NORTH SMITHFIELD – What began last year as a project to address deficiencies found at a single water storage tank used by the Slatersville Water Company has evolved into a larger effort to improve the system in North Smithfield, with help from federal funding from the American Rescue Plan Act.
ARPA funds will be utilized to rehabilitate a tank on Comstock Road, install a booster pump to increase pressure to the entire system, and demolish two unused water tanks on Ridge and Comstock Roads, according to a memo to councilors last week from Water & Sewer Coordinator Maura Beck.
The focus on water system improvements and the elimination of the obsolete tanks began after the Rhode Island Department of Health notified the town of deficiencies found in the one million gallon tank on Comstock Road, the only storage unit providing water to some 3,000 residents on the Slatersville system.
Last June, the town hired engineering firm Stantec Consulting Services, Inc. of Burlington, Mass. to begin to address the issue, with the group to perform design and project management work at a cost of $54,500.
And last week, councilors increased the budget for Stantec’s engineering services to $228,500, expanding the scope of the contract to include for bid specs and oversight of the project.
“The cost to complete this project is estimated at $3.3 million, which includes the cost of the attached contract,” noted Beck. “The finance director has earmarked some ARPA money to complete these tasks, so financing will not be required.”
“It needs to be done. It’s maintenance,” Town Administrator Paul Zwolenski told councilors at the board’s meeting on Monday, June 6.
Zwolenski said the town has already received $1.8 million in federal ARPA funds that can be used to address the project, with two more disbursements still expected, for a total of $3.6 million.
Town officials first learned of deficiencies with the Comstock Road tank in 2017, but improvements proved cost-prohibitive prior to the recent federal allocations, aimed at helping communities across the country recover from the ongoing economic effects of the pandemic.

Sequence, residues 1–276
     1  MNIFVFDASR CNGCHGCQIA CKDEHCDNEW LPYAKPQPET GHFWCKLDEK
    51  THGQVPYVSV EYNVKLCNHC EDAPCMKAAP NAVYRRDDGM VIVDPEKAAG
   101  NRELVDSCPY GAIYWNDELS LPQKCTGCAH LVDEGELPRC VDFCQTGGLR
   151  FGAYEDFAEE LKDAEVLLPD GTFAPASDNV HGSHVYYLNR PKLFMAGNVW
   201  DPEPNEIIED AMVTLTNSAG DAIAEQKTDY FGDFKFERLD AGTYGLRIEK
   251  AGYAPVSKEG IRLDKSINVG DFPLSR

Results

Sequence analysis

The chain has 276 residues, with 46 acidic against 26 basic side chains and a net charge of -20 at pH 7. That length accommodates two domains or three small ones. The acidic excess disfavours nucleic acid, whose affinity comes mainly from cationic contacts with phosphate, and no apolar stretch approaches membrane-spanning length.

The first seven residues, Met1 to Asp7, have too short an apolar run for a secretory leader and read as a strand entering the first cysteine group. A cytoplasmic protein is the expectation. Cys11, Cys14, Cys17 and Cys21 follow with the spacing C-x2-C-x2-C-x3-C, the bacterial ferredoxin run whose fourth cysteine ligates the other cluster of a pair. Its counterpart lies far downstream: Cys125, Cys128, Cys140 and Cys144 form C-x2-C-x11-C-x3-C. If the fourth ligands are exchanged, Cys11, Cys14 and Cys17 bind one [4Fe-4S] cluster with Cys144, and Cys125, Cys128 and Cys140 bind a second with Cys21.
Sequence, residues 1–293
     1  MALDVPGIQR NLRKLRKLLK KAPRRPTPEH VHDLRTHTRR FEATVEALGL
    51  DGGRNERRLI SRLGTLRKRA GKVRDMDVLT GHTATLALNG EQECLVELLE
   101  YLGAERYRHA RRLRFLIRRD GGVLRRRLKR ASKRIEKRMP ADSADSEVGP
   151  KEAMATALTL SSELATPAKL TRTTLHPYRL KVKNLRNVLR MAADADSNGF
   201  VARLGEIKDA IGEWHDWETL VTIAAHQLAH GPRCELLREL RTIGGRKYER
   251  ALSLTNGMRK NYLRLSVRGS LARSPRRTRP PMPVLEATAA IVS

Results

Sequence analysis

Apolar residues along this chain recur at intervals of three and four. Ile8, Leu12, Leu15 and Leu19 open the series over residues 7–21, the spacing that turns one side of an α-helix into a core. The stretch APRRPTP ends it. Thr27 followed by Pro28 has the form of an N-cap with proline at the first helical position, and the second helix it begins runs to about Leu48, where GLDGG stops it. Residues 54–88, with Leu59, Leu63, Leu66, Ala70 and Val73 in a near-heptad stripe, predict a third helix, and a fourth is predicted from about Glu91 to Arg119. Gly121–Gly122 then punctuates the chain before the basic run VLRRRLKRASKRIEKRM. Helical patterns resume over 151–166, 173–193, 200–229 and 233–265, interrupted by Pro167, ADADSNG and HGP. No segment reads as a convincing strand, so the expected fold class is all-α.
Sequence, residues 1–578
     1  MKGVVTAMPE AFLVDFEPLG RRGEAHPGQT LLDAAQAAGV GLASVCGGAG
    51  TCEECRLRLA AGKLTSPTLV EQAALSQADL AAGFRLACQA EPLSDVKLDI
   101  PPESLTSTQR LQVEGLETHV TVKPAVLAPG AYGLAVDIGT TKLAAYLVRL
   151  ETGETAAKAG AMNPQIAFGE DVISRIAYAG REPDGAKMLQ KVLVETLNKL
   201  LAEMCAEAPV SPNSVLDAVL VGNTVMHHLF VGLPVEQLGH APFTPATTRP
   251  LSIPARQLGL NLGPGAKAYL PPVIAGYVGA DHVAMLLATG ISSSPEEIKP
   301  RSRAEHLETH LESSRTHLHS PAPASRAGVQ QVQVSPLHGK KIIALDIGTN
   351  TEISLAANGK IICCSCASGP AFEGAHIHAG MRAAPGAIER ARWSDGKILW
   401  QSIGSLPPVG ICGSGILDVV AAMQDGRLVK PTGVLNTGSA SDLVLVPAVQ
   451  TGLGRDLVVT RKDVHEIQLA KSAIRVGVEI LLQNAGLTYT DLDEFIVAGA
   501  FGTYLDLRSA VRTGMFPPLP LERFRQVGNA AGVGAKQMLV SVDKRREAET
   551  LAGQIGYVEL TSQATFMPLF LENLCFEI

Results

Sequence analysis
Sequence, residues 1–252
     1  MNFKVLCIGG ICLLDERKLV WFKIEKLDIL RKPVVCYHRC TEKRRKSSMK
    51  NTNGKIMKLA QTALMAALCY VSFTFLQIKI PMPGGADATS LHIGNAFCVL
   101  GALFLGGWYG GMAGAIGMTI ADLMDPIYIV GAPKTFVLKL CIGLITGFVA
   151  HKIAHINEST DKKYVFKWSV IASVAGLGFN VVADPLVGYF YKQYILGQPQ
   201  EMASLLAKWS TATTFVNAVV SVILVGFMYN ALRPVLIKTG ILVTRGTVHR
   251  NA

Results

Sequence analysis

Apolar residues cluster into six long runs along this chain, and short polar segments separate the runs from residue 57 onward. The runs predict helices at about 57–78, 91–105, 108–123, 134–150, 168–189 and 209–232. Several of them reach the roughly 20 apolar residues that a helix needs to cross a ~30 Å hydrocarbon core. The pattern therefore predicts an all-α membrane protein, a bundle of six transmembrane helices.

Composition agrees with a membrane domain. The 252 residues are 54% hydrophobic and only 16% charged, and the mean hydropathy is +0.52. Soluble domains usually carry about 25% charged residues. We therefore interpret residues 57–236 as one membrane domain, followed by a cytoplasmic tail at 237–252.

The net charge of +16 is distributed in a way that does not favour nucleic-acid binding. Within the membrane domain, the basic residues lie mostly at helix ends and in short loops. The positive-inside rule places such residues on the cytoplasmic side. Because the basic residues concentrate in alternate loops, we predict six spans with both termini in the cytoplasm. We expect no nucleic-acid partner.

“There were minor issues with the tank,” Zwolenski said. “It did not affect the quality of the water.”
“While we have the APRA money, hopefully we can do this,” he said.
Councilor Paul Vadenais questioned if the tank on Country Way should be saved to create redundancy in the system, noting that it was put up in the early 1980s.
“That’s a fairly new tank in regards to water towers,” Vadenais said. “I just wonder: is it worth leaving there for storage?”
Zwolenski noted that the tank has been inoperable for many years.
“According to the water superintendent, it would not make sense to keep this,” he said, noting that even if the tank proved usable, significant funding would be needed to bring it up to current spec. “It’s not like we could just go out and fill it with water.”
“I believe it should be taken down,” Zwolenski said.
Vadenais also questioned if the town will have to wait until it receives the full funding expected through ARPA.
“We have the assurance of the United States federal government,” Zwolenski said of the money, noting that the town can have the project ready for when the full funding arrives. “I want to get out ahead of this, if we can.”
The administrator said that once the old water tank is removed, a small park could be built on the town-owned Country Way property.
Councilors unanimously approved payment of an additional $174,000 to Stantec for engineering services.